Your TeaEdit Company
Popular Teas from Your TeaSee All 10 Teas
Recent Tasting Notes
Interesting… First nose on this one is, spicy? Maybe it’s the lemon coming through. Reminds me of a nice Inidan chai blend.
Pleasant, herbal, maybe a bit medicinal? That makes sense given the marketing of this tea within the world of Chinese medicine. There is a little syrupy sweetness on the finish which adds to the overall body, which is bolstered by the Oolong in this blend. It kind of reminds me of Tulsi tea in mouthfeel, and it definitely coats the tongue. That present spiciness lingers in the throat, it’s kind of warming which would be great on a colder day.
Looking at Your Teas, they have moved to satchets instead of traditional paper bags. These bags have extremely finely ground leaves whereas the satchets are larger pieces. Perhaps that would add to the body and depth but in its’ current form of bag it is just a bit lacking.
I guess it’s not for me, but I didn’t pour the rest out as it’s still interesting enough to get through.
Flavors: Herbal, Medicinal, Sweet, Syrupy
Yes! They list chrysanthemum in the ingredients list. I think I’ll stick to camellia sinensis when possible but it’s always nice to build out a palate with different flavor profiles. i.e. a nice roasted Rooibos.
I think roasting is simply part of the process, however that term comes from San Diego. https://pointlomatea.com/products/rooibos
Another from the Varieteas box, and the second inclusion from Your Tea. This company seem to have based their range on the health-related properties or desired outcomes of particular blends, and they’re (highly) priced accordingly. This is their antioxidant blend, and is a black tea with china root, ginkgo biloba, ginseng, goji berries, eucommia bark, reiishi mushroom, knotweed, adlay, cinnamon, and rose. They claim that it supports wellbeing, aids and calms digestion, and improves sleep. Having only the one bag, I’m not going to be able to comment on any of these claims. What I do know is that it contains a lot of ingredients I’ve not come across before, so some research is in order! That’s a task for later, though, since at the moment I’m supposed to be working.
It’s an interesting one, in flavour terms. It’s quite brothy and earthy, and reminds me most specifically of mushroom soup. A clear one, though – not creamy! As with their Sleep Tea, the black base is super light, barely coming up golden brown. The flavour reminds me a lot of a sheng I drank fairly recently, and I do wonder whether the base is more pu’erh than black tea; that would make sense in terms of it being a digestive aid, and would explain the flavour and apparent lightness. One of the things that annoys me about Your Tea is how amazingly non-specific they are about the actual tea in their blends. They’re very precise about the other ingredients, including both the common and scientific names for each, but the tea is basically just tea. I can’t even say it’s style over substance, because it’s pretty clear that they care about what they’re doing – I’m absolutely certain that their interest and expertise is primarily in the herbs they use, though, and that the tea isn’t much more than a helpful carrier.
Anyway, earthy, mushroom, forest floor is what I get from this. I wouldn’t drink it for its own sake, and certainly not at £20 a box. I get what they’re trying to do, I think, but I’m not sure I particularly appreciate it.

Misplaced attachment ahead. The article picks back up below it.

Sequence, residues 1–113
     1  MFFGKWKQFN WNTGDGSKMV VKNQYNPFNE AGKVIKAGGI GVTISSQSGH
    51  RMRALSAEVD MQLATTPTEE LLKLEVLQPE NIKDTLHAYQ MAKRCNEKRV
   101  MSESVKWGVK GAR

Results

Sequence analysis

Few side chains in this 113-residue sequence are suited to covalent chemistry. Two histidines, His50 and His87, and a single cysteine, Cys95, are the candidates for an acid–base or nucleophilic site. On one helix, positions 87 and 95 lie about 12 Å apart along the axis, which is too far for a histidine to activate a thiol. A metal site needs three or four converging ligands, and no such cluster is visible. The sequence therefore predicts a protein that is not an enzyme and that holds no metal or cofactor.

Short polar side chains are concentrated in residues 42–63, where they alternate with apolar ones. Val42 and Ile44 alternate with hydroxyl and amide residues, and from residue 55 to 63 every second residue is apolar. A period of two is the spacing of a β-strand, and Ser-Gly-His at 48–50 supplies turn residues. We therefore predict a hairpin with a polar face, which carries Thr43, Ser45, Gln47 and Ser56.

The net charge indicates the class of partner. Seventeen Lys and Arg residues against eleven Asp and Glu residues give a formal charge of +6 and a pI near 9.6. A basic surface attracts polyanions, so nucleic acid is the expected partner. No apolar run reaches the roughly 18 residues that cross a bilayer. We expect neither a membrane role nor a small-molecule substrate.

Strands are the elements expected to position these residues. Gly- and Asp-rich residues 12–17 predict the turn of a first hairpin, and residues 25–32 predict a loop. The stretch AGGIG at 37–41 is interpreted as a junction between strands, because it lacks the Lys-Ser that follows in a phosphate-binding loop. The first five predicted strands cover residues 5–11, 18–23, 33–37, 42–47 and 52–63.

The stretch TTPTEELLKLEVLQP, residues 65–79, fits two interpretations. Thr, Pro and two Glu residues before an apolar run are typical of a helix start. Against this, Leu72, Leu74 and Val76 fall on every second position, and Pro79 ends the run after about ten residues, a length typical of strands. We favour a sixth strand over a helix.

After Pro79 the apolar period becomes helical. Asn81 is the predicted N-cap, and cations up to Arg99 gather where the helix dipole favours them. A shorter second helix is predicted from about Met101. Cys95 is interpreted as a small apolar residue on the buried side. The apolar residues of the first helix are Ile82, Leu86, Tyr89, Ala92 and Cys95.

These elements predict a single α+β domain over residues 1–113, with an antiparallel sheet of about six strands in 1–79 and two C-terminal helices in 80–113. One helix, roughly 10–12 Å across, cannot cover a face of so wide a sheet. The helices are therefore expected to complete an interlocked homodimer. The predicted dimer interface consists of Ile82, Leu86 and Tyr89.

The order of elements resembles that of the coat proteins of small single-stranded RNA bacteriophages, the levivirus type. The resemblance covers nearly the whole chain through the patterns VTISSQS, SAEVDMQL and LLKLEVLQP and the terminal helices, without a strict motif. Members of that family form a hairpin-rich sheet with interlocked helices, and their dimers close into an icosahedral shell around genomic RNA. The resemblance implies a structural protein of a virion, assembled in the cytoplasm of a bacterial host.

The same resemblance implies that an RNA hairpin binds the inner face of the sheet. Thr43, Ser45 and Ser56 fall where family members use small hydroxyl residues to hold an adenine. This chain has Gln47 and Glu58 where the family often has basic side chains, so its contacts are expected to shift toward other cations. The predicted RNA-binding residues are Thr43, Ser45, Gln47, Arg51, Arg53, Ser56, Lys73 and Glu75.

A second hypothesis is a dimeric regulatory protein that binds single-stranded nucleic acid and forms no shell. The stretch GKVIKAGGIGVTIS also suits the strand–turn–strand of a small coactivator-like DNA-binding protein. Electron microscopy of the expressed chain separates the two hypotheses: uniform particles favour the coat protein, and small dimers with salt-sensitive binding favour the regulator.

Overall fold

Another from my Variateas box, and a seemingly perfect pre-bedtime blend! I’m not sure exactly what’s in this one, because the wrapper doesn’t say, but a quick peruse on their website reveals that it’s actually a black tea, with rose, date, lotus, liquorice, and lavender. That quickly put to rest my presumption that it was a herbal blend, but for a black tea I’d say it’s extremely light. There’s a sweetness from the liqourice, but it’s not overpowering, and that’s welcome. I wouldn’t know the rose and lavender were there if I hadn’t been told, because they’re so much in the background that they’re pretty much invisible.
I can’t say I like this one, but it’s hard to dislike either. There’s so little flavour, it’s really just kind of meh. I imagine this is a blend you’d drink for its purported effect or health benefit (they produce a whole range of this kind of thing…), but I’d be wary of a “sleep” tea with a black base on the whole. Their take on it is that lotus root can help to prevent night sweats and vivid dreams – a specific example from their website are dreams (nightmares?) which feature “an affair with your very unattractive boss.” Their site is worth a read just for the lols, I’d suggest.
I’d probably not purchase this one, given that it’s pretty pricey and fairly tasteless. An interesting experience, nonetheless. I’ll let you know about the dreams.
Tiny Tea has an earthy feel to it. The company recommends that you drink 2-3 cups of this tea a day, at least 30 minutes prior to each meal, which helps a lot with curbing your appetite and flushing your body out. I thoroughly enjoy drinking this tea when I have an early morning, as it’s not overpowering and it gives me a nice homey, warm type of feeling when I’m having a groggy morning. I suggest adding 1-2 thin round slices of lemon to this tea for a lighter toned taste.
This particular tea is a part of a tea detox that helps to regulate your bloating problems as well as many other digestive aspects, depending on your body type. It is also helpful in clearing your skin, as I have had short outbursts of acne. Tiny tea helps to clear up your skin to an extent. This tea is raved to help with weight loss, and it can help with your bloating which in turn will help to regulate your weight. It doesn’t necessarily help you shed weight right off the bat, you need to work at it. But it does work and you will feel the difference.
Finally, the flavour of the tea is rather herbal and strong. It works even when you add a hint of lemon and honey to sweeten the flavour.